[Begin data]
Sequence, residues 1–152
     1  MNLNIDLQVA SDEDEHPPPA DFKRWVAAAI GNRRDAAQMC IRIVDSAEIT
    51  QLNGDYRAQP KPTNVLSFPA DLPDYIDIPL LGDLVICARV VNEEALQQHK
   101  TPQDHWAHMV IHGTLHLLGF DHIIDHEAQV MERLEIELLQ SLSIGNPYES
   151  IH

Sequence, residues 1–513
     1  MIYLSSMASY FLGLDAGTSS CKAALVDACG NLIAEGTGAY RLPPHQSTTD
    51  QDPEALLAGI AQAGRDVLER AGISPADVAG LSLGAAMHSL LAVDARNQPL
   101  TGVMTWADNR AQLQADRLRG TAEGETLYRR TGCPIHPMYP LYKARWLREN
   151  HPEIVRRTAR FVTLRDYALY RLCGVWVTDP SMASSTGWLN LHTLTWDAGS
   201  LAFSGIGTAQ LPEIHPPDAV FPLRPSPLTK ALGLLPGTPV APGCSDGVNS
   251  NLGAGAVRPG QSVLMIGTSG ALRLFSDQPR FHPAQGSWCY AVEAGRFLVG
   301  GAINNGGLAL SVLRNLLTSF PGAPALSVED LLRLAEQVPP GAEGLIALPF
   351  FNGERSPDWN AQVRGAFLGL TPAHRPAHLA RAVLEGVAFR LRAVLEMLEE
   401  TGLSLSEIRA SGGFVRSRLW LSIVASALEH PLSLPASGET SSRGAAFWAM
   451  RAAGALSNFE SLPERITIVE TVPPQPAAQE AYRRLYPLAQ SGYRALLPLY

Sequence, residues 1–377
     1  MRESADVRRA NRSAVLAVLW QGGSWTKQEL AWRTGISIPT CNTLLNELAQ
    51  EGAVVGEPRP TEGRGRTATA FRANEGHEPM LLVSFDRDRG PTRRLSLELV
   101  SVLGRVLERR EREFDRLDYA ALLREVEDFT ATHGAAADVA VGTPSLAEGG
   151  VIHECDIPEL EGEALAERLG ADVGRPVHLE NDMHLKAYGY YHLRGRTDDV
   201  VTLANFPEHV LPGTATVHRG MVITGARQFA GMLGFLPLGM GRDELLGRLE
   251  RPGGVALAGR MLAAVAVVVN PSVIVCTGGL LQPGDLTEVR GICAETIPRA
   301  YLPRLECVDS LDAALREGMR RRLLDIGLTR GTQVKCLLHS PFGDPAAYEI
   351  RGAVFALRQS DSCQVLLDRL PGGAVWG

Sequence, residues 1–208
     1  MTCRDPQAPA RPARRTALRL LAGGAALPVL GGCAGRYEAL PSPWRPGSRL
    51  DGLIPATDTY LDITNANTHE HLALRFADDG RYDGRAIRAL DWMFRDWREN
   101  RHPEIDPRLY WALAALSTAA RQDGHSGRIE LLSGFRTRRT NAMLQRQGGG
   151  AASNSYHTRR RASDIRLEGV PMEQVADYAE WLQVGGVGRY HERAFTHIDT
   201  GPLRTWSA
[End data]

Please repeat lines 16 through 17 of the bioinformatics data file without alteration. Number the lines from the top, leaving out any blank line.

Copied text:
   451  RAAGALSNFE SLPERITIVE TVPPQPAAQE AYRRLYPLAQ SGYRALLPLY

Sequence, residues 1–377